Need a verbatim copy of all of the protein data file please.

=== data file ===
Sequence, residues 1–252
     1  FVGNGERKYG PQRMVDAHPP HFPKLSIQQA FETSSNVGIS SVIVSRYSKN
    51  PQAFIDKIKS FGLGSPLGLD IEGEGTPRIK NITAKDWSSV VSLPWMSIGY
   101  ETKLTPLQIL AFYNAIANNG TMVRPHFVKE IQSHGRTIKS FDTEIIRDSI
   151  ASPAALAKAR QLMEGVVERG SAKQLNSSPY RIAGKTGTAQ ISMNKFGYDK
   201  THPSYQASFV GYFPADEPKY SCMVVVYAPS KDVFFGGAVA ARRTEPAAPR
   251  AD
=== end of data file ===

Sequence, residues 1–252
     1  FVGNGERKYG PQRMVDAHPP HFPKLSIQQA FETSSNVGIS SVIVSRYSKN
    51  PQAFIDKIKS FGLGSPLGLD IEGEGTPRIK NITAKDWSSV VSLPWMSIGY
   101  ETKLTPLQIL AFYNAIANNG TMVRPHFVKE IQSHGRTIKS FDTEIIRDSI
   151  ASPAALAKAR QLMEGVVERG SAKQLNSSPY RIAGKTGTAQ ISMNKFGYDK
   201  THPSYQASFV GYFPADEPKY SCMVVVYAPS KDVFFGGAVA ARRTEPAAPR
   251  AD